Diversity, both social and cultural, has become inherent in all aspects of show business, and that includes film music. The various meanings of that term will be a topic for discussion at Variety’s inaugural Music for Screens Summit featuring a composer panel comprising Marco Beltrami (“A Quiet Place”), Terence Blanchard (“BlacKkKlansman”), Ramin Djawadi (“Game of Thrones”), Ludwig Goransson (“Black Panther”), Tom Holkenborg (“Mortal Engines”) and Pinar Toprak (“Captain Marvel”).
The composing world hasn’t traditionally been inclusive, but times are changing. The Turkish-born Toprak becomes the first woman to score a high-profile Marvel movie, and it happens to be about a female superhero.
“I don’t see gender in things,” says Toprak, who’s hard at work on “Captain Marvel,” due out March 8. “It’s just a great thing for a Turkish composer, with my background, getting to do what I love on such a big scale, that’s going to reach such a wide audience. That’s really the excitement for me.”
Toprak, who has also written the music for the mega-hit game “Fortnite,” will start the second season of TV’s “Krypton” when she finishes “Marvel” early next year.
For a composer, diversity also applies to the vast array of styles, approaches and tools that can be used in the profession these days. Dutch composer Tom Holkenborg, aka Junkie XL, has just finished working on two sci-fi extravaganzas: “Mortal Engines” from producer Peter Jackson and “Alita: Battle Angel” from producer James Cameron.
Holkenborg has often used both traditional orchestra and electronics, creating hybrid scores as on “Mad Max: Fury Road.” “What’s important is that there are human emotions at stake,” he says. “If you create a world that’s violent and futuristic, you sometimes forget where these emotions come from.
“Film music in the ‘30s, ‘40s and ‘50s used to be a really serious craft,” he says. “If we’re not careful, that craft will disappear and we’ll make music only with computers. I think there’s a way to embrace the craft and at the same time inject it with all these new possibilities and move forward.”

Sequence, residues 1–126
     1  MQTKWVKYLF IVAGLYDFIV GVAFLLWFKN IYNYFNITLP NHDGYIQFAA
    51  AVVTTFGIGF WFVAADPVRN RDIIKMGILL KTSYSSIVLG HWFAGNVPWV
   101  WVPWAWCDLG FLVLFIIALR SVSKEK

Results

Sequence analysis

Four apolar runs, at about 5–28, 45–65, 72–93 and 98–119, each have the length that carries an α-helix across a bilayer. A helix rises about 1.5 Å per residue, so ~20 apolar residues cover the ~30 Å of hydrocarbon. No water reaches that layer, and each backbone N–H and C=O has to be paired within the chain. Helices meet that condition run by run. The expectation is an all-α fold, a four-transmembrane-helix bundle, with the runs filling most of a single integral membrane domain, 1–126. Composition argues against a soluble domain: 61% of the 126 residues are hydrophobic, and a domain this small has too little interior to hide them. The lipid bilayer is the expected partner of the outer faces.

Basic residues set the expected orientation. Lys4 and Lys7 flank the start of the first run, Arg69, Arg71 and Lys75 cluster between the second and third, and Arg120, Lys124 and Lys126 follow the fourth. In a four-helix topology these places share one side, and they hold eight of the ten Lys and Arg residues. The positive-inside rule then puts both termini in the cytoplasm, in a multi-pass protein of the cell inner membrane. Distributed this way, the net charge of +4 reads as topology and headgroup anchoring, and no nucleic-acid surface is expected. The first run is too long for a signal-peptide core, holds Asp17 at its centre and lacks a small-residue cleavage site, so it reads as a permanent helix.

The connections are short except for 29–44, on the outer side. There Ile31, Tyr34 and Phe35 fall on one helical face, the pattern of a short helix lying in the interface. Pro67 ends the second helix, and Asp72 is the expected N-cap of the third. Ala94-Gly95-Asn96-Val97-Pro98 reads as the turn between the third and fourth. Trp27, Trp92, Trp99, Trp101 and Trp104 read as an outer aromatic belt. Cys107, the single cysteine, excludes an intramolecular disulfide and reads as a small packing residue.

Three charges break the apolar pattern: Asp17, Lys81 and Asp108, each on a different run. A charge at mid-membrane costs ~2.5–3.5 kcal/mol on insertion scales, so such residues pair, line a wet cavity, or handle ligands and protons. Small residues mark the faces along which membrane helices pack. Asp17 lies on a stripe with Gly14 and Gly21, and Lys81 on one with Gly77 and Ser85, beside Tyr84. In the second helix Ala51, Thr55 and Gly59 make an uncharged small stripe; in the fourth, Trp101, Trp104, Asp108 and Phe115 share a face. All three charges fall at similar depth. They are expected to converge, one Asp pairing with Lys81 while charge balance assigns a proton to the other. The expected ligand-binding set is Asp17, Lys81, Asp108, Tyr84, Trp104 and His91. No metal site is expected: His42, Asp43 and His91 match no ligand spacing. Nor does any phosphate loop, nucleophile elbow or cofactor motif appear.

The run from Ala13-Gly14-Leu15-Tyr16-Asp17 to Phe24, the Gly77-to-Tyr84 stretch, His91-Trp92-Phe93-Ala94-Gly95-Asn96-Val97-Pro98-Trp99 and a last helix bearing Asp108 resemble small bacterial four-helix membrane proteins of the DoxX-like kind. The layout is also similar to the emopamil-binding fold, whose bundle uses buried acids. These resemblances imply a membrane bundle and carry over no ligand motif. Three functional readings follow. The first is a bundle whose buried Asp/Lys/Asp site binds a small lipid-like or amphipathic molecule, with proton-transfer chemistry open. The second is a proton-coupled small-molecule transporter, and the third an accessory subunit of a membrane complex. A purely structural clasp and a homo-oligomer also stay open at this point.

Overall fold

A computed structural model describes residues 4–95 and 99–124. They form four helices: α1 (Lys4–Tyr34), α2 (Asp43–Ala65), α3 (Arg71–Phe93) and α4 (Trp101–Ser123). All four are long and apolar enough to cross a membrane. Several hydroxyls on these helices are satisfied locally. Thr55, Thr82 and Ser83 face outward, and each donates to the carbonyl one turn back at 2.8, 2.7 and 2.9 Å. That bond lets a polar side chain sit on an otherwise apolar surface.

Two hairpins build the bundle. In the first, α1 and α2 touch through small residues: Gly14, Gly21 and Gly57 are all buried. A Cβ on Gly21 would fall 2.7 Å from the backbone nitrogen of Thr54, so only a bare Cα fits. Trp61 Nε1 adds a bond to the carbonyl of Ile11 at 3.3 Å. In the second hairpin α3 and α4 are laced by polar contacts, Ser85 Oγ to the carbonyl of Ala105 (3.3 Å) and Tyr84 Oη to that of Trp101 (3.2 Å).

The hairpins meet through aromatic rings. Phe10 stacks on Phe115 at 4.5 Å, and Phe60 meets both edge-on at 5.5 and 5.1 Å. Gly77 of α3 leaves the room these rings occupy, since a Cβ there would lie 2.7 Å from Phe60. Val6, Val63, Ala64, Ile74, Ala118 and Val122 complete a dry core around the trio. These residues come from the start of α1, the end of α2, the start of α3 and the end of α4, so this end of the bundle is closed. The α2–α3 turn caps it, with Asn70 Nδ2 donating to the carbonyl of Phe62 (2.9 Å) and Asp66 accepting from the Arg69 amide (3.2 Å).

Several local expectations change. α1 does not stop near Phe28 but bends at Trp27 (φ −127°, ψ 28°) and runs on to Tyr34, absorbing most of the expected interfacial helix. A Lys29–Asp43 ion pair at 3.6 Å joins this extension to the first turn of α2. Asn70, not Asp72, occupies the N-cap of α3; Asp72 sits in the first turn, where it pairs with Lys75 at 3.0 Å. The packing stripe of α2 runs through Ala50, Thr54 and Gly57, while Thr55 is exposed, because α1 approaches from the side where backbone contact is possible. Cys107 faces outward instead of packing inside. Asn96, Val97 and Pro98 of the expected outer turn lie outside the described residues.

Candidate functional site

There is diversity in the wide-ranging backgrounds of many of today’s top film composers. Swedish-born Goransson not only composed this year’s hit “Black Panther,” he’s also scored “Venom” and is back in the studio working on the next Childish Gambino album with his friend Donald Glover.
“I like to mix old school with new school,” Goransson says. His biggest challenge lately was scoring a seven-minute training montage in “Creed II.” “You used to put a song over these montages,” he says, citing the classic “Rocky” sequence featuring “Gonna Fly Now.” “It’s hard to score movies that way today. People don’t have the patience. Storytelling is different in the editing. … I needed to keep it cohesive, with a full orchestra. The theme is like Bach, a very classical feel, but then it has modern hip-hop elements under it; then it has a gospel soloist on top of it; towards the end, it becomes a rap verse. It’s like a music video. It really makes you pumped for that last fight.”
For African-American composer Blanchard, Spike Lee’s offer to work in films was a dream come true. Their collaboration began 27 years ago on “Jungle Fever” and they’ve since done 19 projects together, including “Malcolm X” and “Inside Man.”
“I think this movie [‘BlacKkKlansman’] is the culmination of everything Spike has done in his career,” says Blanchard, who himself leaned on unpleasant memories of coming of age in Louisiana. “I remember a lot of events dealing with racism in New Orleans where you want to scream at everybody: ‘I’m no different than you! Why do you make an assumption that I’m ignorant, or don’t have any experience, or any aspirations, based on something that’s not true?’ That’s one reason I wanted guitar in the score: It seemed to have a quality of screaming that I was looking for.”
Says Shawn LeMone, senior VP, film & TV/visual media, for performance rights organization ASCAP: “Today’s film composers are expanding sonic boundaries and incorporating music from every genre imaginable, while building on the orchestral traditions of Korngold, Steiner, Herrmann, Newman and Williams.”
Encouraging increased participation from women and composers of color, LeMone adds, “greatly enriches today’s film music landscape. This is truly an exciting time in the evolution of music for thescreen.”